REVIEW: Allison Miller and Carmen Staaf, ‘Nearness’ (Sunnyside)

Allison Miller and Carmen Staaf share an affinity for incorporating unexpected elements within familiar forms. That was obvious on their previous collaboration, the 2018 album Science Fair, recorded with a trio and quintet. Here, they use it to great effect on a set of piano and drum duets.

Staaf’s deep blues phrasing on “Blue Thrush” would be compelling enough, but the pre-recorded birdsong used as an otherworldly countermelody and Miller’s impressionistic work on cymbals turn it into something simultaneously delicate and earthy. Their approach can even lead to delayed gratification. Hoagy Carmichael’s “Nearness of You” at first seems like an abstract interpretation, with Miller and Staaf establishing a Middle Eastern-inspired groove. Turns out that Staaf’s left-hand rhythmic patterns are so compelling that you almost miss how casually she’s been playing the melody with her right hand, as if she had been hiding it in plain sight all along.

The sprightly, angular rhythm of Miller’s “Beans and Rice” is a showcase for her “melodic drumming” technique, with her accompaniment as well as the end of her solo responding to the tune’s melodic twists and turns initially laid down by Staaf. It’s also the perfect setup for the next piece, their take on Thelonious Monk’s “Ask Me Now.” Miller’s stick work — employing various cymbal techniques and striking the sides of the kit for effect — add an edge to Staaf’s lyrically straightforward reading.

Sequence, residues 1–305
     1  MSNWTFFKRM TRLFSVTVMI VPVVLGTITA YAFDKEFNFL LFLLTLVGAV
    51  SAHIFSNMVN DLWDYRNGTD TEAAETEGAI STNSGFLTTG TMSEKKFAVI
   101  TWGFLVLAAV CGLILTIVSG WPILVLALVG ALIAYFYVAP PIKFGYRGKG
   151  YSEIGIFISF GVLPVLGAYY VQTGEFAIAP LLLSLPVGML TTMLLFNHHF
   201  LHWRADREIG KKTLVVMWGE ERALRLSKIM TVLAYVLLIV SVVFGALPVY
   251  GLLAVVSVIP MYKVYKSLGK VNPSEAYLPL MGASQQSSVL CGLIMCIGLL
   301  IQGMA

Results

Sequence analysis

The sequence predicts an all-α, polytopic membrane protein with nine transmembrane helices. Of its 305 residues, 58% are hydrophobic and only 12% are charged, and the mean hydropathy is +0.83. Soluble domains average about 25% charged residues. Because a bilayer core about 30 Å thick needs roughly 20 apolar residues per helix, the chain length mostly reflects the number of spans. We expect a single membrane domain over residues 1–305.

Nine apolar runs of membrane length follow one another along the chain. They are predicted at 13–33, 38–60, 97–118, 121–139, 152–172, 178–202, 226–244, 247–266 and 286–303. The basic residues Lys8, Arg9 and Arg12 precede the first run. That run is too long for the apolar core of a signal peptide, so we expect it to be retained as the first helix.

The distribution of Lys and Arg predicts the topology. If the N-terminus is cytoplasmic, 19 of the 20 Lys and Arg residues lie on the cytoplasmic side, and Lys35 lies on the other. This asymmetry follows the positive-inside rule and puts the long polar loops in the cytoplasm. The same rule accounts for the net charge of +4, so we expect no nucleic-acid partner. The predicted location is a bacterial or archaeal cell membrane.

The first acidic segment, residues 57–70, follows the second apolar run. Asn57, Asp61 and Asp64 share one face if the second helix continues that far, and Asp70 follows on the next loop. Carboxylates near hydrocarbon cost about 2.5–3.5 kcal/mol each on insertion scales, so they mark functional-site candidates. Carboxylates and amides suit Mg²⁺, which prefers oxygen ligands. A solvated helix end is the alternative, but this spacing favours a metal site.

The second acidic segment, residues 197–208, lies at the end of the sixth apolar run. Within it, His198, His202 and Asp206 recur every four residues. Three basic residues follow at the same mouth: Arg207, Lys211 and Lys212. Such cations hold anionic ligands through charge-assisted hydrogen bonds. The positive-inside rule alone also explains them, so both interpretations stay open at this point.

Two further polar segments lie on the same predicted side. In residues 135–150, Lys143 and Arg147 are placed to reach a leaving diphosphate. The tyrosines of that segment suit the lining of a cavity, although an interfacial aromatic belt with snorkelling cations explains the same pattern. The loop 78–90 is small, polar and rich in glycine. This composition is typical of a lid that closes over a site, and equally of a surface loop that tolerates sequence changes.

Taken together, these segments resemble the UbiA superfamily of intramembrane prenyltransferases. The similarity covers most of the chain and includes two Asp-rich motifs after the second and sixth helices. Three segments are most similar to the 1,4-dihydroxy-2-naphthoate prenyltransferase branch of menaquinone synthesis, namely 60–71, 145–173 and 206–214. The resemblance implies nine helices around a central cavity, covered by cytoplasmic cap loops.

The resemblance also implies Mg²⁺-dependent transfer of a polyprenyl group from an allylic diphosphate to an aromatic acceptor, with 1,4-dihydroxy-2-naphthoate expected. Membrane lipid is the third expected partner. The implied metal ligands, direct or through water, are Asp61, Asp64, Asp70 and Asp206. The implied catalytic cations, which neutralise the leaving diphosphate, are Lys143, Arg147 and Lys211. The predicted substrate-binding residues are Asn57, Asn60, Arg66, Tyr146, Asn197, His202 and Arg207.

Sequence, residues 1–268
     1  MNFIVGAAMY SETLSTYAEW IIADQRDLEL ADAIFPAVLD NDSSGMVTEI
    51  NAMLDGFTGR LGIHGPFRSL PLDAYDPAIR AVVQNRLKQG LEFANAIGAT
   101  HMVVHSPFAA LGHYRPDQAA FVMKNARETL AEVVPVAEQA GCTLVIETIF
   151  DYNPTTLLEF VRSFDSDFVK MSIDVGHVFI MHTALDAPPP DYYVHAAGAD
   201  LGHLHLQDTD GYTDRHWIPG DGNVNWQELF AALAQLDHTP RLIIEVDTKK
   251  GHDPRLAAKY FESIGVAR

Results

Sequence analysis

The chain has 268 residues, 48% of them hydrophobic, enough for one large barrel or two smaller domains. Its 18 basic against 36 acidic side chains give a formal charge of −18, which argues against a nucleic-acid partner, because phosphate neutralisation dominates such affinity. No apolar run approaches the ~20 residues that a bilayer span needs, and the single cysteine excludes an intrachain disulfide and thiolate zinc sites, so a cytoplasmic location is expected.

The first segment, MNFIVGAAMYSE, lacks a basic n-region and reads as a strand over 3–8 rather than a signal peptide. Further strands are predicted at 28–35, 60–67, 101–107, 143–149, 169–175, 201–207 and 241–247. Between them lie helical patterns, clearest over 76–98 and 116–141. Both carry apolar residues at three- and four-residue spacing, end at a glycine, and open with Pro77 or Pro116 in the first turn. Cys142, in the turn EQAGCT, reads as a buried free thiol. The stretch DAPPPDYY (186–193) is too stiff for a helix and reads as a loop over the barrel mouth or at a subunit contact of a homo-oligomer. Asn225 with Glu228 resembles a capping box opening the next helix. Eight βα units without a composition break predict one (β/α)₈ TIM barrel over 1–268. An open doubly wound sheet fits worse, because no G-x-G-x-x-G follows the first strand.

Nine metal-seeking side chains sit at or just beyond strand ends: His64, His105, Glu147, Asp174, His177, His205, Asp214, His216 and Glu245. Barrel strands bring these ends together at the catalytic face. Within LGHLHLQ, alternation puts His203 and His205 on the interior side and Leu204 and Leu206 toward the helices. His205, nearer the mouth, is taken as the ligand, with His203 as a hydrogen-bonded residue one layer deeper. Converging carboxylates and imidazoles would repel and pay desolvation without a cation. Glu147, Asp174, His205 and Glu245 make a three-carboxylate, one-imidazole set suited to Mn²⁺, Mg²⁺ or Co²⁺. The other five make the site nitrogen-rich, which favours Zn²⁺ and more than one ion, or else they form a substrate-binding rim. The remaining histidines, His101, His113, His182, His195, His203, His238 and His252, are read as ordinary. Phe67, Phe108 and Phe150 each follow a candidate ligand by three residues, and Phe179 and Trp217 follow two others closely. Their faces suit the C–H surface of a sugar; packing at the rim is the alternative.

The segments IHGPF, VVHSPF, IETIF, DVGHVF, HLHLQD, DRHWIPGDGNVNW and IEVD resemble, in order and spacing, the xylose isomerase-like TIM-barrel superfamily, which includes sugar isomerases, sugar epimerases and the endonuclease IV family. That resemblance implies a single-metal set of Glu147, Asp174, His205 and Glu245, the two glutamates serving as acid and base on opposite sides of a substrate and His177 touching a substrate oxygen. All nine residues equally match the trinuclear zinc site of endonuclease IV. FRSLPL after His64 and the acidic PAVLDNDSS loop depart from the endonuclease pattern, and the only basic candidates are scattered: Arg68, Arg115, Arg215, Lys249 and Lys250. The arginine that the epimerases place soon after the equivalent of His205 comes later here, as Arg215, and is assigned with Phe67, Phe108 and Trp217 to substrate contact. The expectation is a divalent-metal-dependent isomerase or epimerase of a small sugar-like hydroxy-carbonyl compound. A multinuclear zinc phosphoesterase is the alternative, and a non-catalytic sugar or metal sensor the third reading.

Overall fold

The pair also demonstrates a strong sense of narrative structure. Suggesting a journey in flight, “Birds” builds momentum gradually. Staaf repeats various block chord phrases while Miller occasionally mirrors her melodic patterns, and the piece glides to a close with Staaf’s fluttering lines. After all the varied tales they tell across these 10 tracks, the album concludes with the quiet, contemplative “Chant,” proof that they know how to bring a compelling story to a satisfying end. — John Frederick Moore

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